letter to editor stock art typewriter and notebook

This election season, it is time to really hear what our candidates have to say, and publically. You cannot assume that an endorsed Republican supports Trump and you cannot assume that the endorsed Democrat will take your guns.

Therefore, attending public town hall meetings is important and reading public messages on social media platforms is important. The problem is, even during COVID-19 (when meeting face-to-face is discouraged) it’s hard to find online public events for some of the candidates.

I run a small Facebook group for my neighbors and routinely send my group invitations to online town hall meetings, where they can speak to the candidate and ask questions, or stay silent and just listen. Gretchen Piper (candidate for Senate District 33) has listening sessions quite often and they’re very easy to attend, just “like” her Facebook page to see her schedule. She wants to listen to what her people want and make sure they are represented.

Her opponent, the current incumbent David Osmek has the Facebook banner “I’m here for you!” but he does not post any community events. When I contacted him to request a public meeting, he does not respond.

As for the House, Dr. Kelly Morrison (current incumbent district 33B) had multiple town hall meetings at multiple locations during her term. I attended a few of them and regardless of political affiliation, she listened to everyone who came and discussed the issues with them.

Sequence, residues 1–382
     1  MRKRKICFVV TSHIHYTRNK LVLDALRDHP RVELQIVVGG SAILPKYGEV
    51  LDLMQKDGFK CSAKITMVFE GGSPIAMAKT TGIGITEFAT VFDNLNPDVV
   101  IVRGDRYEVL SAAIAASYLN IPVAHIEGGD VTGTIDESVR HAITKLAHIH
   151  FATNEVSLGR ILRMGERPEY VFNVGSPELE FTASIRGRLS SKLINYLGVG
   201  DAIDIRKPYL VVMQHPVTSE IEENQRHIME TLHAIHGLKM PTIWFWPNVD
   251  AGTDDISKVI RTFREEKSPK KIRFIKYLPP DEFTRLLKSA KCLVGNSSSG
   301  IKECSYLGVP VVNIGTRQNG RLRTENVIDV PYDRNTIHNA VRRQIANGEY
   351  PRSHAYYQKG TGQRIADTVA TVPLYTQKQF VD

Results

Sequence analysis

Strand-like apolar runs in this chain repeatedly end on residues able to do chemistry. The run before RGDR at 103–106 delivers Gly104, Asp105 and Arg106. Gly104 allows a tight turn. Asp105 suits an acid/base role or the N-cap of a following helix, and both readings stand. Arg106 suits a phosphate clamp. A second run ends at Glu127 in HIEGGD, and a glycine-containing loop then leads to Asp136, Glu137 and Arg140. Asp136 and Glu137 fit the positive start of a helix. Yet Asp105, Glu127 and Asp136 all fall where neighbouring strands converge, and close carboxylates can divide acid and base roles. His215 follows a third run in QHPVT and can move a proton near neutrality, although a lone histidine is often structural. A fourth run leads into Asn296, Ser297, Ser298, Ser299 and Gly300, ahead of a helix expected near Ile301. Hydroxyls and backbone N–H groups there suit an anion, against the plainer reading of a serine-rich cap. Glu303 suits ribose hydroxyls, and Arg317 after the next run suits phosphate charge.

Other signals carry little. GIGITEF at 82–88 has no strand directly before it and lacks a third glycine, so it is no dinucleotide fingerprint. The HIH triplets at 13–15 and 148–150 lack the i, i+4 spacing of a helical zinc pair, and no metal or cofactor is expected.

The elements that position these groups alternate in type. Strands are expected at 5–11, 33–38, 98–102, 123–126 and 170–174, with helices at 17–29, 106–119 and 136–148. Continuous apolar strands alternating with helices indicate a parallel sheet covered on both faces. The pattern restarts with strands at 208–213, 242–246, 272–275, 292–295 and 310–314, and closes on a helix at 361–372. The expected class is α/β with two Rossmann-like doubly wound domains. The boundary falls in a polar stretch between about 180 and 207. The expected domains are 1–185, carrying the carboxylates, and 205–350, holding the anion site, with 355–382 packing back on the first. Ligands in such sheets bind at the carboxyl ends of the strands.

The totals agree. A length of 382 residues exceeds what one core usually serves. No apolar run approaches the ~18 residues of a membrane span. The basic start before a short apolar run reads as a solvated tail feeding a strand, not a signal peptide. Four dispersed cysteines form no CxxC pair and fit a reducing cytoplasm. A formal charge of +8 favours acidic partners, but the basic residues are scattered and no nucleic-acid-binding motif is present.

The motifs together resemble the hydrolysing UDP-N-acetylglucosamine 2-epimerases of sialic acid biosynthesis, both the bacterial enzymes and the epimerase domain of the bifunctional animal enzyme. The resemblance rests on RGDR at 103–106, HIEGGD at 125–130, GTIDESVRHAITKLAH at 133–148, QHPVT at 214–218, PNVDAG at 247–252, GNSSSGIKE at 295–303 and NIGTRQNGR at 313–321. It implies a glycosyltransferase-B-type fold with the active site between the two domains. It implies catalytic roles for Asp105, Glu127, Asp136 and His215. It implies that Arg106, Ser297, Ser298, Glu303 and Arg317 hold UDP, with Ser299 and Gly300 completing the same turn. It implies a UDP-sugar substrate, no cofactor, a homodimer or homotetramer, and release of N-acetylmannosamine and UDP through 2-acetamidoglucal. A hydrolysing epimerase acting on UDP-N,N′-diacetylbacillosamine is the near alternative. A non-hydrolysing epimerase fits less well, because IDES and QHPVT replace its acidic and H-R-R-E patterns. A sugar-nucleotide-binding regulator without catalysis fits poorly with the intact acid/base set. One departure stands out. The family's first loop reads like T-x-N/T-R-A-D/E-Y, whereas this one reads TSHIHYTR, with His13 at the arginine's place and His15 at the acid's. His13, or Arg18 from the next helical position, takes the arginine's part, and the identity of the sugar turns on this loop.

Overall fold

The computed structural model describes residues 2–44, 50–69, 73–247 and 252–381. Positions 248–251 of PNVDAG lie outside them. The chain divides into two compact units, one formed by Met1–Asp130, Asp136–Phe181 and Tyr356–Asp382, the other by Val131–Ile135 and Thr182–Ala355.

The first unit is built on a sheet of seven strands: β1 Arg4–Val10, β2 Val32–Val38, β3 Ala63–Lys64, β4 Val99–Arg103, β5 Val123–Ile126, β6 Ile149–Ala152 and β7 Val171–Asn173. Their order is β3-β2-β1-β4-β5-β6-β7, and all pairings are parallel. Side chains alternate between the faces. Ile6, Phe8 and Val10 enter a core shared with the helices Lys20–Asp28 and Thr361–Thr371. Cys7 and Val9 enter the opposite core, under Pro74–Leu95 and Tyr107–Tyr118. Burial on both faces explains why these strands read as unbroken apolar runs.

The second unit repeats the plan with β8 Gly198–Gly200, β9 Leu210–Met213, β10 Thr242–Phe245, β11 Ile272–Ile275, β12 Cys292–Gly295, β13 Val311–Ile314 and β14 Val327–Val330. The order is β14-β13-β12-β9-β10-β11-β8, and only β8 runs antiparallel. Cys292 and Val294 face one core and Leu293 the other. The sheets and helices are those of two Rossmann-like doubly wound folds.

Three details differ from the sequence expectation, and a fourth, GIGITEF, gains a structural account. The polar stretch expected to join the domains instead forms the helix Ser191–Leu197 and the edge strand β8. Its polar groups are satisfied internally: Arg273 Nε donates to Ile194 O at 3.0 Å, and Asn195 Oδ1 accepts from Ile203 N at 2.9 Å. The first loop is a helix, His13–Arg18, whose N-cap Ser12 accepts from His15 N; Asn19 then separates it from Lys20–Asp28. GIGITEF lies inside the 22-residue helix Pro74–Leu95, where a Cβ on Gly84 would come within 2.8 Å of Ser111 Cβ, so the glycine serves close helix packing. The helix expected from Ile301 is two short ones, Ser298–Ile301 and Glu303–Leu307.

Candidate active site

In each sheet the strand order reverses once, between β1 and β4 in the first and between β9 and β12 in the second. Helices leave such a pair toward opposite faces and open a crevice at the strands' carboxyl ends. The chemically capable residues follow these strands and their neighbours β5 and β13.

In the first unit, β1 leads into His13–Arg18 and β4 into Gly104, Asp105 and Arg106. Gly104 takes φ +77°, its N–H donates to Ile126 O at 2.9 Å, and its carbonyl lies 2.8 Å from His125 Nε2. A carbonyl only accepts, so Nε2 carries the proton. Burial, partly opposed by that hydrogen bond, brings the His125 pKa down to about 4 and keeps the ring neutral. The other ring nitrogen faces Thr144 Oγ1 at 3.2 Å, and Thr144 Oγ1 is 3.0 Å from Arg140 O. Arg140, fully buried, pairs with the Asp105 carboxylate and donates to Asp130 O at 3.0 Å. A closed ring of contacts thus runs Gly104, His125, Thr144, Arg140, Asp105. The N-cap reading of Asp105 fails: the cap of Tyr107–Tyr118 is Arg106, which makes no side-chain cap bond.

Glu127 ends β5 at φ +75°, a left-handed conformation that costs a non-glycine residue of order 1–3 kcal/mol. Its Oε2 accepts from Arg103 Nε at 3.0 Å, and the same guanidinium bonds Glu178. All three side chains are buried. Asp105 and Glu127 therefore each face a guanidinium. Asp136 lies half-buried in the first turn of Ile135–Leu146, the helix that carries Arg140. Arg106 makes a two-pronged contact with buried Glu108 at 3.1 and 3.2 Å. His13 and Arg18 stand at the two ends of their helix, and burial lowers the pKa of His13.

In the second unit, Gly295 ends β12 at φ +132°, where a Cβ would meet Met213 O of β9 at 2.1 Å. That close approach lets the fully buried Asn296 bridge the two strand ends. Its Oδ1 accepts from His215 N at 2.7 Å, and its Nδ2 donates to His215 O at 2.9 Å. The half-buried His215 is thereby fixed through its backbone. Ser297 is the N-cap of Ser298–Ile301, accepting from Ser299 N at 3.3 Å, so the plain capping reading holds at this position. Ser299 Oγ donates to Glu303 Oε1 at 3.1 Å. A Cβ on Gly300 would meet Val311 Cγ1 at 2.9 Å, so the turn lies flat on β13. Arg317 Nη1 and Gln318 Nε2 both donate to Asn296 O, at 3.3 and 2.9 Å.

Andrew Myers (who is opposing Dr. Morrison) is very active on social media, but if you ask him a question in the comments, he either does not respond, or responds privately. I have asked him for a public town hall event, which he said he would contact me if they do something. You can attend fundraiser events, but I do not believe I should have to pay to hear from a candidate.

Addie Miller, running for State Senate District 47, is the most accessible of all the candidates with her Sunday Facebook live town halls, where you can ask her questions and comment in the chat. Her opponent, Julia Coleman, is hosting fundraisers where the public is invited.

So, I want to encourage all the candidates to have public, online town hall meetings. Give us the opportunity to share our views and listen to yours. Let us know that when you represent us, you will not be a black hole, but will be a light that we can go to when times seem dark.

Christina Ahola


Community Editor

Mark Olson, the Chaska and Chanhassen community editor who has worked in Carver County for 20 years, makes any excuse to write about local history. In his spare time, Mark enjoys perusing old books, watching blockbusters and taking Midwest road trips.


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